I’m posting this recent article from the Harvard Crimson breaking down statistics for the just-admitted class of 2022, not to encourage applications to Harvard, but because it spells out just how complex the considerations are that go into getting accepted, beyond grades, scores and even extra-curricular activities.
For Harvard, fill in Stanford, Yale, and Princeton (HYPS for short), whose acceptance rates inch from 4.3% to 6.6% and vary slightly each year, depending on how many students apply. This past year, Princeton’s application pool rose 14%, to 35,000 students. As applications rise, acceptance rates decline — by tenths of a point. Universities are, of course, aware of this equation in the eternal “ranking wars” and make efforts of all kinds to increase their applicant pools to lower acceptance rates – and make their institutions seem even more desirable.
AS YOU READ WHAT FOLLOWS, please keep in mind:
The admissions officers at HYPS say that 70 or 80 percent of the applicants would be able to do the work at these universities. They say: We are not looking for perfection (4.0 GPA, 1600 SATs). They are looking for an interesting cross-section of highly talented students from a wide variety of backgrounds and places on the planet.
I am spelling all of this out NOT to discourage anyone from applying but to help applicants and their families realize that a B- grade in 9th grade or small variations in SAT scores are not going to make the deciding difference – a 710 vs taking the test again to get a 780 – with so many other factors at play.
What’s important in the Crimson article for those considering admission to HYPS? This key sentence, a quotation from the Dean of Admissions, regarding the 1962 students granted admission for the class of 2022: “They are quite an amazing cohort of people because they’re coming from the widest range of economic and ethnic backgrounds in our history.”
Beyond all the factors that are within a student’s control – grades, scores, extra-curricular activities – it’s important to understand that diversity in college admissions is not just about race or ethnicity. It’s about:
Geography – Where you live; a super star student from Wyoming will stand out more dramatically than the one from New York City. But don’t panic, please! Yes, students from New York City DO get into Harvard.
Money – Ability to pay fees is most often an advantage but an accomplished student from a low-income family sometimes has another kind of advantage at well-endowed universities such as HYPS.
Parents’ education – There is a push now to enroll accomplished students from first-generation college families.
Special talent – It’s well-known that students who are top athletes are in great demand. They are considered in the early action/decision pools, and that’s one of the reasons the numbers for EA/ED are usually higher than RD.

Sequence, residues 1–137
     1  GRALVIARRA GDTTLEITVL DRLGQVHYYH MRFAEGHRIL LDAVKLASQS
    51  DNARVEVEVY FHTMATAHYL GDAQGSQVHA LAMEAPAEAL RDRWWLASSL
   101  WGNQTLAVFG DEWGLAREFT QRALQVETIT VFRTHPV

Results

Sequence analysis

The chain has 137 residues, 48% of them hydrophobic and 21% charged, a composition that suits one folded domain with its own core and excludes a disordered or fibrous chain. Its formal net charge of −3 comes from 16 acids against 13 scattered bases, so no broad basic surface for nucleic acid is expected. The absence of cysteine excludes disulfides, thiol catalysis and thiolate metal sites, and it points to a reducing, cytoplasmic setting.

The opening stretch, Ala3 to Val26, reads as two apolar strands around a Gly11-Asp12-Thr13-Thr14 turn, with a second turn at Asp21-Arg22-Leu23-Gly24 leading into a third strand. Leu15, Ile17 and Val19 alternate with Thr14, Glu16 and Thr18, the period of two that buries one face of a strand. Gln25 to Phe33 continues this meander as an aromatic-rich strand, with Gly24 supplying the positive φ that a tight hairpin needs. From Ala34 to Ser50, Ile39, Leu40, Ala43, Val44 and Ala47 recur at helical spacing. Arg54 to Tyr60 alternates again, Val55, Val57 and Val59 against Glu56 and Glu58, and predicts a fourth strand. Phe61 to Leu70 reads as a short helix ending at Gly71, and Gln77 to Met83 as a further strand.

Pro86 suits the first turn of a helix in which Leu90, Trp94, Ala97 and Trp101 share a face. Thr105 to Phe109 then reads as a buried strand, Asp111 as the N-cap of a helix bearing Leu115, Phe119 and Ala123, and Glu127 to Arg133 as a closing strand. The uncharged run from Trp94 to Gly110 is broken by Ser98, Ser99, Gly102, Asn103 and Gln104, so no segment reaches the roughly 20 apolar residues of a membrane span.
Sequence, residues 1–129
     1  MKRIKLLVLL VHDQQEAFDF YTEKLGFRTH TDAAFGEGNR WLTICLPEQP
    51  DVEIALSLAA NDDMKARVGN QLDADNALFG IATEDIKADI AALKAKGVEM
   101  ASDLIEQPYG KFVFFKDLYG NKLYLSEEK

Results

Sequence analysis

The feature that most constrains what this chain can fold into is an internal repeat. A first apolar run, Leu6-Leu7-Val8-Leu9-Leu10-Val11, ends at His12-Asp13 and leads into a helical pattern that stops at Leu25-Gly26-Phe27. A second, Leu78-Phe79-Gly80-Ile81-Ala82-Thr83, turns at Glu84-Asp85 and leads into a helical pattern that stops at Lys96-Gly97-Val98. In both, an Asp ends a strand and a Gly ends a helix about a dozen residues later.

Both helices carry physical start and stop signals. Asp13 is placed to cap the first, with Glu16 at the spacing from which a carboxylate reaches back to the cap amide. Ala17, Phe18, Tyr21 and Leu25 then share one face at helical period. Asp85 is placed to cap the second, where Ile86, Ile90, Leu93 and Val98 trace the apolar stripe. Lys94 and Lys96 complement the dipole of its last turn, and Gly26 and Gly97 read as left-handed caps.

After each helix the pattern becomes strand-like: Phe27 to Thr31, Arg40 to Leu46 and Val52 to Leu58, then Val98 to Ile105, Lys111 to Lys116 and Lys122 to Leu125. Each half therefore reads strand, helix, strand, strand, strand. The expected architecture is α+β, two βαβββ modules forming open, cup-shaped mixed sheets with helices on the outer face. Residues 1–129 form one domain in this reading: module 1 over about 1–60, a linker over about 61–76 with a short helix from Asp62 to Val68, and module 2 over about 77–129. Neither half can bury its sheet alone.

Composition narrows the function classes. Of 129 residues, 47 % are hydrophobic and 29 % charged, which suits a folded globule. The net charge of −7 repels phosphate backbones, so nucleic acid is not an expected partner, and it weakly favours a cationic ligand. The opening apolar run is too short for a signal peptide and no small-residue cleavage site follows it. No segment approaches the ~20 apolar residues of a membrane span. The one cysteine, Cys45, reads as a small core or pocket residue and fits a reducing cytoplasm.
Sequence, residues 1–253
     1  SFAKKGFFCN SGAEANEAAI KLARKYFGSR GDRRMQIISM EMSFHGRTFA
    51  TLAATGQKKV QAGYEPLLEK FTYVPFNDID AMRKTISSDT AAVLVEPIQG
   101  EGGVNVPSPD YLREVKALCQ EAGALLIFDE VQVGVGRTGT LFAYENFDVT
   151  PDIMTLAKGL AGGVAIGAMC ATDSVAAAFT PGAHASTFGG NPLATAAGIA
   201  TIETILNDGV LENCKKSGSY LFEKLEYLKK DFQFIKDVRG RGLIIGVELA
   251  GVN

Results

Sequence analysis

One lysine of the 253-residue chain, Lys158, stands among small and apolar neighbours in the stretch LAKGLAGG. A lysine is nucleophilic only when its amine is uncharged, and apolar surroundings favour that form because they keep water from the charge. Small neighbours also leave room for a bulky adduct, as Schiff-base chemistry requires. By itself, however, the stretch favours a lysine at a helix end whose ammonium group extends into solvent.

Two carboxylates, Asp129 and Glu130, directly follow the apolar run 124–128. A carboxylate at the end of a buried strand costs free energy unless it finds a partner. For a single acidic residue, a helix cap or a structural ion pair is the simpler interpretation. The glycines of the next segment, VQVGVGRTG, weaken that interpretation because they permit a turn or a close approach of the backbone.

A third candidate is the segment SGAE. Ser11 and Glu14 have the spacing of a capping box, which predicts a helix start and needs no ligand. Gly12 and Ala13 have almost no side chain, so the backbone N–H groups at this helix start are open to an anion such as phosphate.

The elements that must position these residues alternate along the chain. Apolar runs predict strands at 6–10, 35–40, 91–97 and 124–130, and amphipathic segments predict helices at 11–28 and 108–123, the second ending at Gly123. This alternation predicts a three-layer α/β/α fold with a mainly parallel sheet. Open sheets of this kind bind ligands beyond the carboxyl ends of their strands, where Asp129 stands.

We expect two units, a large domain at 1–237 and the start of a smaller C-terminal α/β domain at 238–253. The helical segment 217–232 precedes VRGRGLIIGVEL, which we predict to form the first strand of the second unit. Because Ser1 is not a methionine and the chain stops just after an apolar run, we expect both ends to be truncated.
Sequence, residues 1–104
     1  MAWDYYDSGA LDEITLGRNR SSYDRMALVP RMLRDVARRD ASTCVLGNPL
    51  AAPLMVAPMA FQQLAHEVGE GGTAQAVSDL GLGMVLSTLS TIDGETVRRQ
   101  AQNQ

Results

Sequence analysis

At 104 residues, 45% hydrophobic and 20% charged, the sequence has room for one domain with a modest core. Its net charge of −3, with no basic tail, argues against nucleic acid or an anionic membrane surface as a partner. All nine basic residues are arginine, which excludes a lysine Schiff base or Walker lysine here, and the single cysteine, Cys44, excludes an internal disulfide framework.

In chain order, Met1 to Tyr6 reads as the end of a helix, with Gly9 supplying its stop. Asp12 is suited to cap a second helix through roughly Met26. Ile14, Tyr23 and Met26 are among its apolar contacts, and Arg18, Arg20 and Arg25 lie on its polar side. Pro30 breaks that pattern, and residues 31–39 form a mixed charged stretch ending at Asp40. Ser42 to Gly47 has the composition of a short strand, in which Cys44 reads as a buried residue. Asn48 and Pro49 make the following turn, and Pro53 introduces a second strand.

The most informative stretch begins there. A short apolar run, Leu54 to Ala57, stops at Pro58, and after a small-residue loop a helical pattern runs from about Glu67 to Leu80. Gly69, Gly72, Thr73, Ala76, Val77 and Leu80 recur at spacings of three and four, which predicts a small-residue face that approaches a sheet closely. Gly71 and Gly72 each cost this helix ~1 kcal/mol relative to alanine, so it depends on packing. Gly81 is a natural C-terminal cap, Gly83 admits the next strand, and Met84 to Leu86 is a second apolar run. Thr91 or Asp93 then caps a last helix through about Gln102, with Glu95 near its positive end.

I’m spelling this out because I want to encourage students and their families to go into this upcoming process with insight and understanding about what is often left unsaid: Yes, you have to be a top student to get into a top university, but that is not the only criterion on which decisions are based. Yes, HYPS are terrific places, but there are dozens more top colleges and universities where the odds are not so starkly stacked against you.
My bible on where to look for colleges is The 382 Best Colleges, published every August by the Princeton Review (no connection to Princeton). Keep it on hand to find out what the 378 other colleges and universities are looking for, beyond HYPS. It’s a great resource for the entire family.
Here’s the beginning of the Crimson article or click here to read it in its original form.
“A record-low 4.59 percent of applicants to Harvard College received offers of admission to the Class of 2022 Wednesday, with just 1,962 of 42,749 candidates securing spots in the class. This year marks the first time Harvard’s admission rate has ever dipped below 5 percent.
“The College notified 998 students of their acceptance in the regular decision cycle at around 7 p.m. Wednesday afternoon. These accepted students make up 2.43 percent of the total 36,119 regular decision applicants, plus the 4,882 students deferred in the early action process. The accepted regular decision students join 964 students who were offered admission through Harvard’s early action process in December.
“This year’s acceptance rate is the lowest in the history of the College. Down from last year’s 5.2 percent, this year’s rate also marks the fourth consecutive year in which the percentage of admitted students has decreased. The total number of admitted students in the Class of 2022 has also decreased from last year’s 2,056.
“They are quite an amazing cohort of people because they’re coming from the widest range of economic and ethnic backgrounds in our history,” Dean of Admissions and Financial Aid William R. Fitzsimmons ’67 said in an interview Wednesday.
“For the first time in 10 years, a majority of accepted students are women. Women make up 50.1 percent of the admitted class, compared to last year’s 49.2 percent.
“The percentage of minority admits rose across racial groups relative to last year’s levels. A record 15.5 percent of admitted students are African American, up from last year’s 14.6 percent. Latino admits increased to 12.2 percent from last year’s 11.6 percent. Native American admits grew marginally this year to 2 percent, up from last year’s 1.9 percent. Asian American admits went up to a record 22.7 percent, compared to last year’s 22.2 percent. READ THE REST
— If you’re interested in more information on college admissions or in college application essay support or college selection, please contact me. Liz@DontSweatTheEssay.com